Filing 9

OPINION. Signed by Judge Kevin McNulty on 3/27/14. (jd, )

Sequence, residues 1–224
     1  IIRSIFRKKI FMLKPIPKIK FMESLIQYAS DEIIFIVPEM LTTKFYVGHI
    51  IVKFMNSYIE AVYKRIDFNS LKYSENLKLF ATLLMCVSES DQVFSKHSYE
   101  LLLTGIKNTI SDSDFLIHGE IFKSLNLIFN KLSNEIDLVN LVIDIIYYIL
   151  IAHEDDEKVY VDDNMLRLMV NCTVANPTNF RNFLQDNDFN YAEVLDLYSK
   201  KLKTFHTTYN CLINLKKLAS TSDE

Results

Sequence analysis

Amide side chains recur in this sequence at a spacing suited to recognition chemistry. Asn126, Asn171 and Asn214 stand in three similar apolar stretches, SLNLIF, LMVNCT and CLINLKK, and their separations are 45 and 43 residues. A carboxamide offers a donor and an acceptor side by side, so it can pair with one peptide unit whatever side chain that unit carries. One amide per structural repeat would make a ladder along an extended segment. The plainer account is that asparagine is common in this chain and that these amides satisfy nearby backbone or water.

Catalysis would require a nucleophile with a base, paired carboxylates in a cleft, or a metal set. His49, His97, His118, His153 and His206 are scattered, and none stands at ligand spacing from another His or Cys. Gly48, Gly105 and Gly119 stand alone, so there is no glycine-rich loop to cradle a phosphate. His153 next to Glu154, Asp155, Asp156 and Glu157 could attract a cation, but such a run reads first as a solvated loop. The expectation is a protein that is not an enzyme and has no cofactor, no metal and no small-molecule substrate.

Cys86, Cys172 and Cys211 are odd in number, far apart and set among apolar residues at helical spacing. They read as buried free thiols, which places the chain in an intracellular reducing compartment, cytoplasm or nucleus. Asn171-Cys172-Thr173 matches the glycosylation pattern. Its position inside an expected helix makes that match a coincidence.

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UNITED STATES DISTRICT COURT DISTRICT OF NEW JERSEY QI XIANG LING, Petitioner, Civ. No. 13-7610 (KM) OPINION V. ROY L. HENDRICKS, Respondent. KEVIN MCNULTY, U.S.D.J. I. INTRODUCTION Petitioner, Qi Xiang Ling, is currently an immigration detainee who was previously detained at the Essex County Correctional Facility in Newark, New Jersey.’ Mr. Ling is a citizen of the People’s Republic of China. He is proceeding pro se with a petition for writ of habeas corpus pursuant to 28 U.S.C. § 2241 seeking his release from immigration detention. For the following reasons, the habeas petition will be dismissed without prejudice. II. BACKGROUND Mr. Ling was ordered removed from the United States in 1993 and again in 1998. He remained in the United States unlawfully. On February 17, 2013, Mr. Ling encountered Bureau The Bureau of Immigration and Customs Enforcement’s online detainee locator indicates that Mr. Ling is now detained at the Etowah County Detention Center in Gadsden, Alabama. Accordingly, the Clerk will be ordered to update Mr. Ling’s listed address. Although Mr. Ling is no longer detained in this District, this Court retains jurisdiction over this action as Mr. Ling was detained within this District when he filed his habeas petition. See Rumsfeld v. Padilla, 542 U.S. 426, 441(2004) (“[W]hen the Government moves a habeas petitioner after she properly files a petition naming her immediate custodian, the District Court retains jurisdiction and may direct the writ to any respondent within its jurisdiction who has legal authority to effectuate the prisoner’s release.”); see also Lee v. Zickefoose, No. 12-130, 2012 WL 5403134, at *2 (D.N.J. Nov. 5, 2012) (“Jurisdiction is determined as of the time the petition is filed.”) of Immigration and Customs Enforcement (“ICE”) officers who determined he was a fugitive with an outstanding order of exclusion and deportation (albeit under a different name). On March, 19, 2013, Mr. Ling was taken into immigration custody pending his removal. Thereafter, ICE began the process of attempting to effectuate Mr. Ling’s removal from the United States. On March 22, 2013, the deportation officer sent an application for a travel document to the Chinese Consulate. Mr. Ling then completed a Chinese Citizenship Verific ation Application which was sent to the Chinese Consulate on April 5, 2013. On May 8, 2013, the deportation officer received an email from Mr. Huang of the Chinese Consulate requesting that Mr. Ling provide information as to where he lived before entering the United States. Mr. Ling told the deportation officer that, before he entered the United States, he last lived in the city of Fuijan. On May 30, 2013, Mr. Huang again requested the name of the village where Mr. Ling lived. Mr. Ling wrote the name of his village in Chinese characters. On June 5, 2013, Mr. Huang stated in an email to the deportation officer that Mr. Ling’ s identification of the village where he had lived was incorrect. Thereafter, Mr. Huang interviewed Mr. Ling by telephone on June 11, 2013. Mr. Ling claimed that he did not know the name of the village where he was born. Mr. Huang agreed to speak to Mr. Ling’s family to find out more details. On July 16, 2013, Mr. Ling provided the deportation officer with a telephone number for his family. The number turned out to be invalid. On July 25, 2013, an ICE staff member discussed Mr. Ling’s case with the Chinese Consulate. The Chinese Consulate told this staff member that Mr. Ling’s birth village needed to be provided before a travel document would be issued. On September 4, 2013, the deportation officer heard from Mr. Huang who stated that Mr. Ling’ s family never called and that he still did not have Mr. Ling’ s birth village information. 2 Mr. Ling completed a second travel document application, which included his birth village, on October 7, 2013. On October 21, 2013, however, the Chinese Consulate advised ICE that Mr. Ling was not telling the truth about his birth village. The Chinese Consulate maintains that the birth village that Mr. Ling has identified is not located where Mr. Ling says it is, and that there is no record of Mr. Ling’ s birth at that village. On November 5, 2013, Mr. Ling refused to complete another travel document application and stated that his family would not call the Chinese Consulate. Mr. Ling again refused to complete a travel document application on December 11, 2013. The deportation officer has since sent an email to the Chinese Consulate so that it can interview Mr. Ling again. On June 15, 2013, ICE’s Field Office Director reviewed Mr. Ling’s custody status and determined that Mr. Ling would not be released at that time. On September 30, 2013, the Headquarters Post Order Unit of ICE reviewed Mr. Ling’s custody status. Again, it was determined that Mr. Ling would not be released at that time. On December 30, 2013, the Field Office Director again reviewed Mr. Ling’ s detention. He provided Mr. Ling with a Notice of his Failure to Comply, and again determined that Mr. Ling would not be released from custod y at that time. ICE explained to Mr. Ling that he failed to assist ICE in its efforts to remove him because he had provided false information to the Chinese Consulate. Thus, ICE informed Mr. Ling that his removal period was being extended and that he would remain in ICE custod y until such time as he demonstrated that he was making reasonable efforts to cooperate with ICE’s efforts to have him removed. In December, 2013, this Court received Mr. Ling’s federal habeas petition. The petition raises two issues: (1) whether the amount of time Mr. Ling has spent in immigration detenti on 3 violates Zadvydas v. Davis, 533 U.S. 678 (2001); and (2) whether his constit utional rights have been violated by ICE’s failure to personally interview him. III. DISCUSSION The Attorney General has the authority to detain aliens in removal proceedings both before and after the issuance of a final order of removal. Post-removal order immig ration detention is governed by 8 U.S.C. § 1231(a). Section 123 1(a)(1)(A) states that, “except as otherwise provided in this section, when an alien is ordered removed, the Attorn ey General shall remove the alien from the United States within a period of 90 days (in this section referred to as the “removal period”).” Id. § 123 1(a)(1)(A). The removal period begins on the latest of the tbllowing: (i) (ii) (iii) 1d The date the order of removal becomes administratively final. If the removal order is judicially reviewed and if a court orders a stay of the removal of the alien, the date of the court’s final order. If the alien is detained or confined (except under an immigration process), the date the alien is released from detention or confinement. § 1231 (a)( l)(B). Federal regulations provide that: An order of removal made by the immigration judge at the conclusion of the proceedings under section 240 of the Act shall become final: (a) Upon dismissal of an appeal by the Board of Immigration Appeals; (b) Upon waiver of appeal by the respondent; (c) Upon expiration of the time allotted for an appeal if the respondent does not file an appeal within that time; (d) If certified to the Board or Attorney General, upon the date of the subsequent decision ordering removal; or (e) If an immigration judge issues an alternate order of removal in connection with a grant of voluntary departure, upon overstay of the voluntary departure period, or upon the failure to post a required voluntary department bond within 5 business days. If 4 the respondent has filed a timely appeal with the Board, the order shall become final upon an order of removal by the Board or the Attorney General, or upon overstay of the voluntary departure period granted or reinstated by the Board or the Attorney General. 8 C.F.R. § 1241.1 (a). Section 1231 (a)(2) requires that the alien be detained during the ninety day post-removal order period. See 8 U.S.C. ninety-day period, then § 123 l(a)(2). If the alien is not removed during the § 123 1(a)(6) authorizes that the alien be released on bond or that the alien be continued to be detained: An alien ordered removed who is inadmissible under section 1982 of this title, under section 1227(a)(1)(C), 1227(a)(2), or 1227(a)(4) of this title or who has been determined by the Attorney General to be a risk to the community or unlikely to comply with the order of removal, may be detained beyond the removal period and, if released, shall be subject to the terms of supervision in paragraph (3). 8 U.S.C. § 123 1(a)(6). A. Zadvydas Claim In Zadvydas, 533 U.S. 678, the United States Supreme Court stated that § 123 l(a)(6) does not authorize the Attorney General to detain aliens indefinitely beyond the removal period , but “limits an alien’s post-removal-period detention to a period reasonably necessary to bring about that alien’s removal from the United States. It does not permit indefinite detention.” 533 U.S. at 689. The Supreme Court stated that a period of six months is a presumptively reason able period of post-removal detention under for a petitioner to state a claim under § 123 1(a)(6). See Zadvydas, 533 U.S. at 701. However, § 2241, the petitioner must provide in the petition facts showing good reason to believe that there is no reasonable likelihood of his actual removal in the reasonably foreseeable future. See id “Zadvydas does not delineate the boundaries of evidentiary sufficiency, but it suggests that an inversely proportional relationship is at play: the 5 longer an alien is detained, the less he must put forward to obtain relief.” Alexander v. Attorney Gen. of United States, 495 F. App’x 274, 276-77 (3d Cir. 2012) (per curiam) (citing Zadvy das, 533 U.S. at 701). Nevertheless, “[t]he removal period shall be extended beyond a period of 90 days and the alien may remain in detention during such extended period if the alien fails or refuses to make timely application in good faith for travel or other documents necessary to the alien’s departu re or conspires or acts to prevent the alien’s removal subject to an order of removal.” 8 U.S.C. § 123 1(a)(C). “Zadvydas does not save an alien who fails to provide requested docum entation to effectuate his removal. The reason is self-evident: the detainee cannot convincingly argue that there is no significant likelihood of removal in the reasonably foreseeable future if the detaine e controls the clock.” Pelich v. INS, 329 F.3d 1057, 1060 (9th Cir. 2003); Xiangquan v. Holder , No. 12-7650, 2013 WL 1750145, at *3 (D.N.J. Apr. 23, 2013) (“[A]n alien who, during his/her presumptive Zadvydas based period, takes actions delaying his/her removal (e.g. by refusing to cooperate with the ICE’s removal efforts), cannot demand his/her release upon expiration of these six months. . . . Rather, the period affected by the alien’s obstructive actions is excluded from the presumptive period articulated in Zadvydas, thus causing a quasi-tolling mimicking, in its operation.j”) (internal citations omitted). Accordingly, Courts have found that a petitioner who fails to cooperate with his removal fails to establish that there is no likelihood of remov al in the reasonably foreseeable future under Zadvydas. See Conceicao v. Holder, No. 12-4668, 2013 WL 1121373, at *3 (D.N.J. Mar. 13, 2013) (“[Wjhere Petitioner is refusing to sign the necess ary travel documents, he has failed to cooperate in his removal and has failed, in this Court, to establish that there is no likelihood of his removal in the reasonably foreseeable future.”); Diaz Martin v. Holder, No. 11-6692, 2012 WL 4661479, at *4..5 (D.N.J. Oct. 2, 2012) (finding that 6 where petitioner failed to cooperate in his removal, he failed to establish that there is no likelihood of his removal in the reasonably foreseeable future); Camara v. Gonzales, No. 061568, 2007 WL 4322949, at *4 (D.N.J. Dec. 6, 2007) (finding that petitioner failed to state a constitutional claim under Zadvydas due to his failure to cooperate with INS to obtain the necessary travel documentation). In this case, Mr. Ling has failed to cooperate with ICE officials to effectuate his removal. Indeed, Mr. Ling has apparently lied to Chinese officials regarding his birthplace as well as his address immediately prior to moving to the United States. Furthermore, Mr. Ling apparently provided an invalid telephone number for his family members. This has apparently made obtaining the necessary travel documents difficult. Additionally, Mr. Ling has refused to sign further travel removal application documents. ICE has instructed Mr. Ling what he needs to do: provide documentation of his true identity and fill out the Chinese Identity Verification Form truthfully. (See Dkt. No. 5-4 at p. 14.) Because he has failed to cooperate with removal proceedings, Mr. Ling has failed to show that he is entitled to habeas relief under Zadvydas. He cannot shown that there is no likelihood of his removal in the reasonably foreseeable future because it is he himself who stands in the way. Accord Conceicao, 2013 WL 1121373, at *3; Diaz-Martin 2012 WL 4661479, at *4..5; Camara, 2007 WL 4322949, at *4 This claim is therefore dismissed. Because Mr. Ling may in the future be able to satisfy the Zadvydas standard, the dismissal of this claim will be without prejudice. B. Personal Interview Claim Mr. Ling also claims that iCE has not provided him with a constitutionally adequate custody review. More specifically, Mr. Ling claims that he was never personally interviewed or given a fair opportunity to show why he should be released from immigration detention. 7 It is not entirely clear upon what basis Mr. Ling claims he is entitled to a person al interview, or that the failure of United States immigration authorities to conduc t a personal interview violates his constitutional rights. Nevertheless, the Court notes that C.F.R. 8 § 241.4 provides regulations for the continued detention of inadmissible, criminal and other aliens beyond the removal period. The regulations state that the initial custody determ ination shall be made by the District Directors and Directors of Detention and Removal Field Office s in the three month period immediately following the expiration of the ninety-day removal period . See 8 C.F.R. § 241.4(c)(1). At that initial review, the District Director has discretion to schedule a personal or telephone interview with the alien as part of the custody determination . See id. § 241 .4(h)(1). Additionally: For any alien the district director refers for further review after the removal period, or any alien who has not been released or removed by the expiration of the three-month period after the review, all further custody determinations will be made by the Executive Associate Commissioner, acting through the [Headquarters PostOrder Detention Unit] HQPDU. Id. § 241 .4(c)(2). The regulations further lay out how determinations are made by the Executive Associate Commissioner, they include the following: (i) Determinations by the Executive Associate Commissioner. Determinations by the Executive Associate Commission to release or retain custody of aliens shall be developed in accordance with the following procedures: (1) Review panels. The HQPDU Director shall designate a panel or panels to make recommendations to the Executive Associate Commissioner. A Review Panel shall, except as otherwise provided, consist of two persons. Members of a Review Panel shall be selected from the professional staff of the Service. All recommendations by the two-member Review Panel shall be unanimous. If the vote of the two-member Review Panel is split, it shall adjourn its deliberations concerning that particular detainee until a third 8 Review Panel member is added. The third member of any Review Panel shall be the Director of the HQPDU or his or her designee. A recommendation by a threemember Review Panel shall be by majority vote. (2) Records Review. Initially, and at the beginning of each subsequent review, the HQPDU Director or a Review Panel shall review the alien’s records. Upon completion of this records review, the HQPDU Director or the Review Panel may issue a written recommendation that the alien be released and reasons therefore. (3) Personal Interview. (i) If the HQPDU Director does not accept a panel’s recommendation to grant release after a records review, or if the alien is not recommended for release, a Review Panel shall personally interview the detainee. The scheduling of such interviews shall be at the discretion of the HQPDU Director. The HQPDU Director will provide a translator f he or she determines that such assistance is appropriate. Id. §241.4(i). As these regulations provide, Mr. Ling would potentially be entitled to a personal interview after the ninety-day removal period has ended, but only after the decision to contin ue to detain him has reached the HQPDU level. Section 241 .4(g)(ii) of the regulations also states that: The removal period shall run for a period of 90 days. However, the removal period is extended under section 241 (a)(l)(C) of the Act if the alien fails or refuses to make timely application in good faith for travel or other documents necessary to the alien’s departure or conspires or acts to prevent the alien’s removal subject to an order of removal. The Service will provide such an alien with a Notice of Failure to Comply, as provided in paragraph (g)(5) of this section, before the expiration of the removal period. The removal period shall be extended until the alien demonstrates to the Service that he or she has complied with the statutory obligations. One the alien has complied with his or her obligations under the law, the Service shall have a reasonable period of time in order to effect the alien’s removal. 9 Id. at § 241 .4(g)(ii). The regulations also note the need for the alien to be cooperative; specifically: (i) (ii) (iii) Id Release will be denied and the alien may remain in detention if the alien fails or refuses to make timely application in good faith for travel documents necessary to the alien’s departure or conspires or acts to prevent the alien’s removal. The detention provisions of section 241(a)(2) of the Act will continue to apply, including provisions that mandate detention of certain criminal and terrorist aliens. The Service shall serve the alien with a Notice of Failure to Comply, which shall advise the alien of the following: the provisions of section 241(a)(1)(C) (extension of removal period) and 243(a) of the Act (criminal penalties related to removal); the circumstances demonstrating his or her failure to comply with the requirements of section 241(a)(1)(C) of the Act; and an explanation of the necessary steps that the alien must take in order to comply with the statutory requirements. The Service shall advise the alien that the Notice of Failure to Comply shall have the effect of extending the removal period as provided by law, if the removal period has not yet expired, and that the Service is not obligated to complete its scheduled custody reviews under this section until the alien has demonstrated compliance with the statutory obligations. § 241 .4(g)(5)(i)-(iii). In accordance with this regulation, ICE provided Mr. Ling with a Notice of Failure to Comply on December 30, 2013, stating that his custody status had been reviewed and that the removal period had been extended because he had failed to cooperate. The removal period is suspended or tolled during Mr. Ling’s continued non-compliance. See Oreihomme v. Napolitano, No. 11-0496, 2011 WL 3155921, at *1 (W.D. La. June 28, 2011) (“[hf an alien fails or refuses to cooperate with ICE in obtaining a travel document to effect removal, or takes other actions to prevent his removal, the removal period is suspended or tolled, and his continu ed 10 detention is authorized.”), report and recommendation adopted by, 2011 WL 3155839 (W.D. La. July 26, 2011); Cuello v. Adduci, No. 10-13641, 2010 WL 42266 88, at *4 n. 4 (E.D. Mich. Oct. 21, 2010) (“Generally, courts have only tolled the removal period in cases where the alien has demonstrated some sort of bad faith failure to cooperate, such as provid ing authorities with false or inconsistent information regarding identity or country of origin, or refusing to complete travel arrangements or name a country for deportation.”) (citations omitted). Mr. Ling’s non-cooperation began, at the latest, on June 5, 2013 (within the ninety-day removal period), when the Chinese Consulate informed deportation author ities that the village Mr. Ling claimed to have lived in prior to his arrival in the United States was incorrect. As noted above, Mr. Ling has continued to be non-cooperative since that time. Additionally, ICE extended the removal period in its December 30, 2013 Notice of Failure to Comply, which put Mr. Ling on notice what he needed to do to be in compliance. Therefore, because the removal period has been extended/tolled due to Mr. Ling’s lack of cooperation, he cannot show that any right to a personal interview has been violated. Such a right would arise 2 only at the conclusion 2 note that ICE did not provide Mr. Ling with a copy of the Notice of Failure to Comply (which acted to extend the removal period) within the ninety-day removal period set forth by the regulations. See 8 C.F.R. § 241 .4(g)(1 )(ii) (stating that a notice of failure to comply will be provided to the alien before the expiration of the ninety-day removal period ). However, at least one court has noted that immigration authorities comply with their regulatory requirements and thereby retaining the ability to extend the removal period even after it is expired where a petitioner is not cooperating to effectuate his removal. See Ramos v. Cherto fj No. 07-85 8, 2009 WL 1563894, at *6 (W.D.N.Y. June 2,2009) (citing 8 C.F.R. 241.4(g)(5)(i v)). Indeed, the § regulations even specifically recognize that a notice of failure to comply may be entered after ninety-days has passed by stating that “[t]he fact that the Service does not provide a Notice of Failure to Comply within the 90-day removal period, to an alien who has failed to comply with the requirements of section 241(a)(1)(C) of the Act, shall not have the effect of excusing the alien’s conduct.” 8 C.F.R. § 241 .4(g)(5)(iv). Additionally, it is worth reitera ting in this case that Mr. Ling’s non-cooperation began during the initial ninety days, on or about June 5, 2013, when immigration officials found out that the village Mr. Ling had stated to Chines e officials that he lived at prior to his arrival in the United States was incorrect. 11 of Mr. Ling’s removal period (which, as extended, is still in effect) and potential possible review by HQPDU. Accordingly, this claim will also be dismissed withou t prejudice. IV. CONCLUSION For the foregoing reasons, the habeas petition will be dismissed without prejudice. An appropriate order will be entered. Dated: March 27, 2014 KEVfNM NU Y United States District Jud 12